China issues 210 coal plant licences despite pollution woes

Plants approved because of ecomomy’s emphasis on infrastructure investments

A worker unloads coal from a truck in Heilongjiang province, China. Coal-fired power plants are generally blamed as one of the chief reasons for China’s dire pollution problems. Photograph: Jason Lee/Reuters

A worker unloads coal from a truck in Heilongjiang province, China. Coal-fired power plants are generally blamed as one of the chief reasons for China’s dire pollution problems. Photograph: Jason Lee/Reuters

 

China issued 210 licences for new coal-fired power plants last year despite the central government repeatedly sounding the alarm on overcapacity, Greenpeace said.

Coal-fired power plants are generally blamed as one of the chief reasons for China’s dire pollution problems. However, power companies are investing in these facilities because so much of the economy is built on investment in infrastructure such as power plants.

According to Greenpeace projections, the yearly CO2 emissions from the 210 projects would be equal to 8 per cent of China’s current emissions, or to the total energy-related emissions of Argentina and Brazil.

The rate at which coal-fired power plants are being approved by provincial governments was dramatically higher than in 2014.

“Warnings about China’s overcapacity crisis are coming in left, right and centre, and yet the rate at which new coal power plants are being approved is increasing,” said Lauri Myllyvirta, Greenpeace’s senior global campaigner on coal.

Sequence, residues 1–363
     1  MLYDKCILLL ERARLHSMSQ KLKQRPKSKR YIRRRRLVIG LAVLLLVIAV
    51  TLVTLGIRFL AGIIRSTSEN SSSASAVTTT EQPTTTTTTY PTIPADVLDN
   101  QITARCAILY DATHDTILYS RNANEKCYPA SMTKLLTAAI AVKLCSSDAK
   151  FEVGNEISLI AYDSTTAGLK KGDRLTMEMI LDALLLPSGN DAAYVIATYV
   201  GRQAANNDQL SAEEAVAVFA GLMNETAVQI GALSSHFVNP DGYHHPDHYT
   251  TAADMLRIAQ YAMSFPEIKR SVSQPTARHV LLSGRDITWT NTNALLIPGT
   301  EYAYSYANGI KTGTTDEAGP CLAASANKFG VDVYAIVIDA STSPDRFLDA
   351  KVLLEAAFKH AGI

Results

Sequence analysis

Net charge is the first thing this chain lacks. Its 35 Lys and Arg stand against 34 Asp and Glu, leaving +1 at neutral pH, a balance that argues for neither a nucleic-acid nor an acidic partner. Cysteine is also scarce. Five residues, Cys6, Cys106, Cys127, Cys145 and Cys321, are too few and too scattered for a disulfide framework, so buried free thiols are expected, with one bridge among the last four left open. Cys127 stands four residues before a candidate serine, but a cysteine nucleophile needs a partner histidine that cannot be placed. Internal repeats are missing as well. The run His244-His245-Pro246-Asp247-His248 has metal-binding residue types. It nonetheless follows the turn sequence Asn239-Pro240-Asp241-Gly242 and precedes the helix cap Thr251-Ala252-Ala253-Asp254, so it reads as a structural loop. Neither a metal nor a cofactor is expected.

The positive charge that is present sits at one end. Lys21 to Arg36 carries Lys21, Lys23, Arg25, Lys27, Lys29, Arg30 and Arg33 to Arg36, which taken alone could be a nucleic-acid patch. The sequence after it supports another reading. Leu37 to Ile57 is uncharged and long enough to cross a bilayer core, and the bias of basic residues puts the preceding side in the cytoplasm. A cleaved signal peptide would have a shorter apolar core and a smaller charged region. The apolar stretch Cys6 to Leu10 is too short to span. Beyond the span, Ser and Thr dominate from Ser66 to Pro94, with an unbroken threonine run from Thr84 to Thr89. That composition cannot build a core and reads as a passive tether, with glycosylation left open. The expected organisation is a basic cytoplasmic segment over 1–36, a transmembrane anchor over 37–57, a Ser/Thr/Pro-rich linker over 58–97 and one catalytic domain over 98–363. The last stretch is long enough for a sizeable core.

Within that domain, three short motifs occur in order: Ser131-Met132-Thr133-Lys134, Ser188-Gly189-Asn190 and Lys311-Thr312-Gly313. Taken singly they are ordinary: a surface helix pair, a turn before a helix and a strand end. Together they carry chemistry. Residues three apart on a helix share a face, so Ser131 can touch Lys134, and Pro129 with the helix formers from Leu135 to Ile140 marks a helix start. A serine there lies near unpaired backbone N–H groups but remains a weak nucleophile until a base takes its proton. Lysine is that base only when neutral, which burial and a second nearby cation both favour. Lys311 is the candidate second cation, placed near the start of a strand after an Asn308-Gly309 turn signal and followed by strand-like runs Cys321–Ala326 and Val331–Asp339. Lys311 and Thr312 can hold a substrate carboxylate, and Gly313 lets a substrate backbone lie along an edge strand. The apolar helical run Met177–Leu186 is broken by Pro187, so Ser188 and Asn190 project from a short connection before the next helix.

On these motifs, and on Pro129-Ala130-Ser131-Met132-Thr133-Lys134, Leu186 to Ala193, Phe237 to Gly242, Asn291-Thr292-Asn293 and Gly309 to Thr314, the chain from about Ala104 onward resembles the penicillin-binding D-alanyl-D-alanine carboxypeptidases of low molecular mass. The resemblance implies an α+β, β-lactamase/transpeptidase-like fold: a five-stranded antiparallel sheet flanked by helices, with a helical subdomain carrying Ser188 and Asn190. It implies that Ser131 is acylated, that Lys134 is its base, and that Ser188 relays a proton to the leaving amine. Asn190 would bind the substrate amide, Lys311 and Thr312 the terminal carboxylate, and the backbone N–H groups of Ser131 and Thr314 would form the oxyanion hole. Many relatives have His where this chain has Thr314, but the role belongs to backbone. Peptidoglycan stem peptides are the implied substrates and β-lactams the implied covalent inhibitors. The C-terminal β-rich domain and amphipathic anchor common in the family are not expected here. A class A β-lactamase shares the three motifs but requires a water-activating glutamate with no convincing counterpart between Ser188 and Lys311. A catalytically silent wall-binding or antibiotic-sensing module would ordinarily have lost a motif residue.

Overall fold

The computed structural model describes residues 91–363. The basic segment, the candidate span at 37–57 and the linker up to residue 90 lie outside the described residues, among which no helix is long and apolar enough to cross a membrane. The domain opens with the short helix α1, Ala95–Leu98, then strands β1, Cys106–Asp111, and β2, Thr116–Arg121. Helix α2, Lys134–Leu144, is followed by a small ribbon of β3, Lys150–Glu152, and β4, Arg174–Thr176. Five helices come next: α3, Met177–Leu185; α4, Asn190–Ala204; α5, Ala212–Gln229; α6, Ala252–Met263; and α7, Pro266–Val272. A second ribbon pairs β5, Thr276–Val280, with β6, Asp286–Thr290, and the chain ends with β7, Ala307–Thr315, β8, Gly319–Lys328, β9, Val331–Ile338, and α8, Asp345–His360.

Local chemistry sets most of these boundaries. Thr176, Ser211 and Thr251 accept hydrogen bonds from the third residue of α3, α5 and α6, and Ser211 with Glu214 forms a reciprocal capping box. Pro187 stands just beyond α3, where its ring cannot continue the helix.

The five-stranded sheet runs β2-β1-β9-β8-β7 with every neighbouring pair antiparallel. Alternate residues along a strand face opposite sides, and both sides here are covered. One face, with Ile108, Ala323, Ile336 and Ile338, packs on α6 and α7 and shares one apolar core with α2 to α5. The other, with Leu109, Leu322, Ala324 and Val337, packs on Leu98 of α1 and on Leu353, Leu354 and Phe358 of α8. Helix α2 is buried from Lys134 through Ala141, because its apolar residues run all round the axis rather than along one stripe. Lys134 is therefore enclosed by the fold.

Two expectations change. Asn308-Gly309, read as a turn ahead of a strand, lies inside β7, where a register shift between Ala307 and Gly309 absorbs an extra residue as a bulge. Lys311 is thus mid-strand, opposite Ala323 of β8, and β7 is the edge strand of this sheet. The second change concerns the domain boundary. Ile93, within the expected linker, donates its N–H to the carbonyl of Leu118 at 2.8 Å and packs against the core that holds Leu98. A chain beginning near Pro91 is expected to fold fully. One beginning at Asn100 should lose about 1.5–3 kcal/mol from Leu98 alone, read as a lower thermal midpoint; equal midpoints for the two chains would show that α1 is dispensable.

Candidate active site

China’s coal output fell in 2014 after 15 years of consecutive growth, but coal still makes up 66 per cent of the country’s energy consumption. This week, the Ministry of Human Resources and Social Security announced cuts of nearly 2 million jobs in steel production and coal mining.

“These plants do nothing but fuel the overcapacity crisis and add huge debt burdens. It is a trend which must be halted immediately,” said Mr Myllyvirta.

China’s environmental record remains woeful, although there have been some improvements.

Last month, data from Greenpeace India showed that the levels of the most harmful fine particulates, PM2.5 (Particulate Matter up to 2.5 micrometres in size), have fallen by 17 per cent in China between 2010 and 2015, while in India they have expanded by 13 per cent.

A joint investigation by Greenpeace East Asia and CoalSwarm found that at least 66 coal fired power projects with at least 73 gigawatts of capacity already entered construction in 2015.

Coal consumption is falling in China, and there has been significant increases in power generation from hydropower, wind, solar, nuclear and gas, along with slower overall power consumption growth.

Greenpeace East Asia has called on the Chinese government to include a binding national coal consumption cap in the upcoming 13th Five Year Plan. The plan will be formulated at the National People’s Congress this week to consolidate China’s shift away from coal.

“Money which could be invested into speeding up China’s shift to renewable energy sources is instead being recklessly thrown into the dying, dirty coal industry,” said Mr Myllyvirta.

The toxic particulate emissions from the projects would be larger than the emissions from all the cars in Beijing, Tianjin, Shanghai and Chongqing.